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A SMILE of satisfaction breaks out on James Keane’s face as he connects with the ball, sending it sailing over the net and landing it close to the baseline.

“Spot on, James,” shouts his coach from the other side of the net, where he’s “feeding” balls for James to hit.“Cracking shot.” And James has more right than most tennis players to feel proud of his shot – because he’s been totally blind since birth.

Before hitting his “cracking shot”, he’d had four other failed attempts to hit the special “sound ball” which has rattling ball-bearings inside to help blind players to track it.

James, 42, is one of a group of visually-impaired people who enjoy regular sessions at the Tees Valley Sound Tennis Club, which meets every Wednesday afternoon at the Splash leisure centre in Stockton, and on Friday afternoons at Tennis World in Middlesbrough. 

It forms part of the North East Visually Impaired Tennis Club (NEVITC), which also has centres in Newcastle and Sunderland and is celebrating its fifth anniversary this year. 

“I really enjoy it,” says James, wiping sweat from his eyes. “It can be frustrating trying to hit the ball but I like the challenge and you have to really listen. When I hit a good shot, I just feel fantastic.”

James lives alone in Stockton and has a personal assistant to support him. He looks forward to Wednesday afternoons more than anything. “It gets me out of the house, keeps me fit and I’ve made great friends,” he says.

The Tees Valley group was founded by Dave Donnelly, who works in adult social care for Stockton Borough Council. He was looking for new community activities and heard about blind tennis in the north of the region. He took advice from Wendy Glasper and Rosie Pybus, who run NEVITC, and the Tees Valley group was born two years ago.

Dave was born with no sight but regained some at the age of two. His initial aim was to just get the group going but he got hooked. His wife Jan is also a member, along with her sister Sue Whelan. The sisters have albinism, which means they have no pigment, and are visually impaired. “It’s something I never thought we’d be able to do but I came down to support Dave and I’ve never left,” says Jan. “It gives us a real sense of belonging.”

There are different levels in blind tennis, depending on the severity of visual impairment. Someone like James, who has no sight at all, is classed as “B1” and is allowed three bounces. A “B2” or “B3” player gets two bounces, while a “B4” has to make do with only once bounce.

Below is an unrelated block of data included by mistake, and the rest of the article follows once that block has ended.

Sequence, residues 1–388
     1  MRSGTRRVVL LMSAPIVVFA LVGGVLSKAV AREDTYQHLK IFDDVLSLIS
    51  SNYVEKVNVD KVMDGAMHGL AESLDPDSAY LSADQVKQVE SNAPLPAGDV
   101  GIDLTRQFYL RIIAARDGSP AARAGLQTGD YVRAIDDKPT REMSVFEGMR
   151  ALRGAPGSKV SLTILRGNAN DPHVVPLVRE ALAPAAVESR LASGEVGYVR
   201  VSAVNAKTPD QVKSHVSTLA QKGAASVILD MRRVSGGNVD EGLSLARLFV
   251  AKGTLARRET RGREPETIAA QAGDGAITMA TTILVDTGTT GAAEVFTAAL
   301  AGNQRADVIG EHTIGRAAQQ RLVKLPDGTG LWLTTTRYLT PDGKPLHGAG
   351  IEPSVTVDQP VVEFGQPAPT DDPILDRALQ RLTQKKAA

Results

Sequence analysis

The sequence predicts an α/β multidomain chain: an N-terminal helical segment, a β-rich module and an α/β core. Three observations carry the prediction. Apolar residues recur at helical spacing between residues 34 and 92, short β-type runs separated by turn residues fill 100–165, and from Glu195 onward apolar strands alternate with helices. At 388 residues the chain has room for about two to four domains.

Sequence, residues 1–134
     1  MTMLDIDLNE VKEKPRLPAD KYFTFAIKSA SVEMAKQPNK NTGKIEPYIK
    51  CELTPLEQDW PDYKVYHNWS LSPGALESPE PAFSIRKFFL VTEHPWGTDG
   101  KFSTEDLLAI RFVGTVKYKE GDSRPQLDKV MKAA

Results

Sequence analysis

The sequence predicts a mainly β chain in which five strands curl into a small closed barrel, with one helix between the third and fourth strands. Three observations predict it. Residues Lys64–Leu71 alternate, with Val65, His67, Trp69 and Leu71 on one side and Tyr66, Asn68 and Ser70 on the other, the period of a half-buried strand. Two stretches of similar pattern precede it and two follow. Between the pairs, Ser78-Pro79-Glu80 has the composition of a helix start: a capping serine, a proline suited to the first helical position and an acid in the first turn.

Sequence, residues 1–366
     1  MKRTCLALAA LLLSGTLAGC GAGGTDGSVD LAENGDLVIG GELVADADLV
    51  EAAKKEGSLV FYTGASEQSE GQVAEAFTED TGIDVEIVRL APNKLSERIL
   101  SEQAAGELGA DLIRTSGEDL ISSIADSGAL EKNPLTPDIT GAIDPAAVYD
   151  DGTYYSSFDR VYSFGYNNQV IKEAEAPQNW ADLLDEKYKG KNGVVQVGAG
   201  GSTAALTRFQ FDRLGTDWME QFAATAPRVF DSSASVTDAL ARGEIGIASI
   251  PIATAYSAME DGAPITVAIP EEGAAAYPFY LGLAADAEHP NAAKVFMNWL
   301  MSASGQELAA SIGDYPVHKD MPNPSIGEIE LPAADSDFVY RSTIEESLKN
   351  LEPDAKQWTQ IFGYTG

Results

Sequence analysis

Other members of the club include father-of-three Steve Hogarth, 59, who played tennis and squash to a high level until he suffered a stroke in 2007. It left him visually impaired and he also has type 1 diabetes which will eventually lead to total blindness. “When I had my stroke, I was a couch potato. Then Dave Donnelly knocked on my door one day and asked if I fancied playing tennis.” Steve’s unhesitating reply was: “That would be brilliant.”

Since then, he’s won competitions and says he’s been given “a new lease of life”. As a level three coach, Leslie Snaith was used to teaching able-bodied players the finer points of the game but he admits to having become emotionally attached to the sound tennis group. “It’s incredibly rewarding to see them being able to play a sport they love,” he says. “There are times when it reduces me to tears.”

And there is clearly a strong bond between the members. They support each other and socialise together. There’s great excitement about how they’ll fare against players from other parts of the country in the Tennis World Super Summer Slam tournament on July 14, and they’re holding a fundraising evening at the Buffs Club in Stockton on September 10. Coach Leslie will be doubling up as a DJ, with proceeds going towards buying more sound balls.

Before that though, the members will be enjoying Wimbledon. For those with more sight than others, they’ll be able to watch at least some of the action on television, as long as they’re right up to the screen and have the lights turned off.

For James Keane, it will mean being glued to the radio – apart from Wednesday and Friday afternoons when he’ll be out on court, listening for the rattle of the ball, and dreaming of another cracking passing shot.

As Wimbledon approaches, Peter Barron experiences playing tennis blind. 



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(Northern Echo, June 2016)